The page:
The Complaint alleges that Blavatnik, via an entity he controls, acquired voting securities of TangoMe in excess of the statutory threshold ($75.9 million at the time of acquisition) without making the required pre-acquisition filings with the agencies and without observing the waiting period, and that Blatvatnik and TangoMe each met the statutory size of person threshold at the time of the acquisition (Blavatnik and TangoMe had sales or assets in excess of $151.7 million and $15.2 million, respectively).

The Complaint further alleges that Blavatnik previously violated the HSR Act's notification requirements when he acquired shares in LyondellBasell Industries N.V. (“LyondellBasell”) in 2010. In August and September of 2010, Blavatnik made several acquisitions of LyondellBasell voting securities without making appropriate HSR filings and observing the required waiting periods. On December 1, 2010, Blavatnik made a corrective filing for these acquisitions. In a letter accompanying the corrective filing, Blavatnik acknowledged that these transactions were reportable under the HSR Act, but asserted that the failure to file and observe the waiting period was inadvertent. Blavatnik also committed that he would consult with HSR counsel before making any additional acquisitions of voting securities. On January 4, 2011, the Premerger Notification Office of the Federal Trade Commission sent a letter to Blavatnik indicating that it would not recommend a civil penalty action regarding the 2010 LyondellBasell acquisition, but stated that Blavatnik would be “accountable for instituting an effective program to ensure full compliance with the [HSR] Act's requirements.” [2]

At the same time the Complaint was filed, the United States also filed a Stipulation and proposed Final Judgment that eliminates the need for a trial in this case. The proposed Final Start Printed Page 24883Judgment is designed to deter Blavatnik's HSR Act violations. Under the proposed Final Judgment, Blavatnik must pay a civil penalty in the amount of $656,000.

The United States and the Defendant have stipulated that the proposed Final Judgment may be entered after compliance with the APPA, unless the United States first withdraws its consent. Entry of the proposed Final Judgment would terminate this case, except that the Court would retain jurisdiction to construe, modify, or enforce the provisions of the proposed Final Judgment and punish violations thereof. Entry of this judgment would not constitute evidence against, or an admission by, any party with respect to any issue of fact or law involved in the case and is conditioned upon the Court's finding that entry is in the public interest.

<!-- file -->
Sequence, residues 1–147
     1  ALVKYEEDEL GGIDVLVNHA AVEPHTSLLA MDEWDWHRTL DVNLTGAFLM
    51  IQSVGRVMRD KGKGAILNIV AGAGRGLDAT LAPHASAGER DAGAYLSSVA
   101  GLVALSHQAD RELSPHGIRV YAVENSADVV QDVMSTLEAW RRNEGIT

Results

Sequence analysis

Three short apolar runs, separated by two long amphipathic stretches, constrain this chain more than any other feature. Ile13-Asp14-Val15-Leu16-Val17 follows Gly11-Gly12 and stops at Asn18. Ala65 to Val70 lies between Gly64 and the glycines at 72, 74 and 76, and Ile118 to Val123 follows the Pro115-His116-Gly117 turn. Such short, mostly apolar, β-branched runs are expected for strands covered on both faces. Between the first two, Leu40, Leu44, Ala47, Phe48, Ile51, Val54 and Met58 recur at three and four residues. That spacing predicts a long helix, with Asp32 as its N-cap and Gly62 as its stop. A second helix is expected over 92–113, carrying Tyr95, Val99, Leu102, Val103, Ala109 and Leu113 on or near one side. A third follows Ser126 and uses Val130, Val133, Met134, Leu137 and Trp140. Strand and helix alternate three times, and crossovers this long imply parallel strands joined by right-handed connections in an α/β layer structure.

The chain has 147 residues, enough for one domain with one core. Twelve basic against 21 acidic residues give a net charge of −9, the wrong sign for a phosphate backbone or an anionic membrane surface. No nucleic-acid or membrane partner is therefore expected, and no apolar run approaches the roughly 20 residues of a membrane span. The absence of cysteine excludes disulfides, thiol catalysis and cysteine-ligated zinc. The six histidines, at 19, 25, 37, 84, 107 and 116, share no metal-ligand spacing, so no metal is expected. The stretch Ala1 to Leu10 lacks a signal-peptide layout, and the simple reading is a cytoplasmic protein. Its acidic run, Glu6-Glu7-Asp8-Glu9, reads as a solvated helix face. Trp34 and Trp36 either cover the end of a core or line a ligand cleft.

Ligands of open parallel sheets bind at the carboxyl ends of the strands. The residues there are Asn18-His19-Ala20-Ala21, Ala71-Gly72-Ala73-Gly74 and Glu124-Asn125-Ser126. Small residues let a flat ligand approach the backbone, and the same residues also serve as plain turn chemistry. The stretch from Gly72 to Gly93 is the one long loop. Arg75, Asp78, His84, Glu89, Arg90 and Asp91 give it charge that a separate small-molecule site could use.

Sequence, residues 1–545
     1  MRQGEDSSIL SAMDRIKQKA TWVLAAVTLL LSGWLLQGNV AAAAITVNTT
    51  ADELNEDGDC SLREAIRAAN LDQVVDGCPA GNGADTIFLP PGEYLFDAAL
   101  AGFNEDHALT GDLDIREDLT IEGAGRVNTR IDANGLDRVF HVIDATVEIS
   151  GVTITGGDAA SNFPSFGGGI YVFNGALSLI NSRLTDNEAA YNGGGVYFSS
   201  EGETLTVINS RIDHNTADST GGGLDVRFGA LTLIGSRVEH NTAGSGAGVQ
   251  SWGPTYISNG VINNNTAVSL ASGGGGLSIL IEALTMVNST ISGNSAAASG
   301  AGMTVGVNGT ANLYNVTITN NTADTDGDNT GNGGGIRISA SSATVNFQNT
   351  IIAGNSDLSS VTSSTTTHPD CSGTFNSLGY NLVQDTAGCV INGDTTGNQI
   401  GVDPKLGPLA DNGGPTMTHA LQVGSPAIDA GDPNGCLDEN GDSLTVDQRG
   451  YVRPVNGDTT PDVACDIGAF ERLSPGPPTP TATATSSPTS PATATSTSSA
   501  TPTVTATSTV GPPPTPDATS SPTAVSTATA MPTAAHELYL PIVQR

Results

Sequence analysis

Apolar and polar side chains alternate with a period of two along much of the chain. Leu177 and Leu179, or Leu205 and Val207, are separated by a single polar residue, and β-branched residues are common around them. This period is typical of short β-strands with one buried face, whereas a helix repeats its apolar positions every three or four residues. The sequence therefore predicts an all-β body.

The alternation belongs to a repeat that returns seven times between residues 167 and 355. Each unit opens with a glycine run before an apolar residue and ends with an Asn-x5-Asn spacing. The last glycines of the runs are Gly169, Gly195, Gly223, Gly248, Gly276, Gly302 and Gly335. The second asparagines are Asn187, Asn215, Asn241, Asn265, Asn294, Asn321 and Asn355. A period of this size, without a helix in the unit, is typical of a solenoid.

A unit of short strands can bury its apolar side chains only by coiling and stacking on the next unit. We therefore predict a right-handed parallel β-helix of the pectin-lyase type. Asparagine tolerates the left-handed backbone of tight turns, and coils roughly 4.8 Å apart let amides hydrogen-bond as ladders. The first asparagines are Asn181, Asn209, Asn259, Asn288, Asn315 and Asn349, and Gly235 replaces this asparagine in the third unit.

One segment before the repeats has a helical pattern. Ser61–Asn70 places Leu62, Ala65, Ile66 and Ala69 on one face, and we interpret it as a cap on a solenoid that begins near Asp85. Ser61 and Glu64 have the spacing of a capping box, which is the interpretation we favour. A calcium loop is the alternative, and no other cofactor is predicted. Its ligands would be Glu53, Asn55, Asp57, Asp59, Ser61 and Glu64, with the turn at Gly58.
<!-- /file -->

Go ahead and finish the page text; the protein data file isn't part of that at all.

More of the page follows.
II. DESCRIPTION OF THE EVENTS GIVING RISE TO THE ALLEGED VIOLATIONS OF THE ANTITRUST LAWS

A. Len Blavatnik and the Acquisitions of TangoMe Voting Securities

Len Blavatnik is a British businessman, investor, and philanthropist. In 1986, Blavatnik founded Access Industries (“Access”), a private international conglomerate company located in New York. Access, in turn, controls multiple entities engaged in three primary industries: natural resources and chemicals; media and telecommunications; and real estate.

TangoMe is a California based technology start-up known largely for its smartphone application Tango. With approximately 200 million registered users, Tango is a messaging app offering free video calls, texting, and photo sharing.

On August 6, 2014, Blavatnik, through Access, acquired shares of TangoMe voting securities. Blavatnik's voting securities represented approximately 29.1% of TangoMe's outstanding voting securities and were valued at approximately $228 million. This exceeded the HSR Act's $75.9 million size-of-transaction threshold then in effect.

Prior to acquiring the TangoMe voting securities, neither Access nor Blavatnik conducted any HSR review of the proposed acquisition or consulted with HSR counsel, notwithstanding Blavatnik's commitments made in connection with the 2010 LyondellBasell corrective filing. Blavatnik became aware of the missed HSR filing when Access conducted a periodic review of the company-wide holdings of TangoMe. After discovering the missed filing, Blavatnik promptly made a corrective filing on December 17, 2014. The waiting period expired on January 16, 2015.

B. Blavatnik's Violation of HSR

As alleged in the Complaint, Blavatnik acquired in excess of the $75.9 million in voting securities of TangoMe without complying with the pre-acquisition notification and waiting period requirements of the HSR Act. Blavatnik's failure to comply undermined the statutory scheme and the purpose of the HSR Act. Blavatnik's December 17, 2014, corrective filing included a letter acknowledging that the acquisitions were reportable under the HSR Act.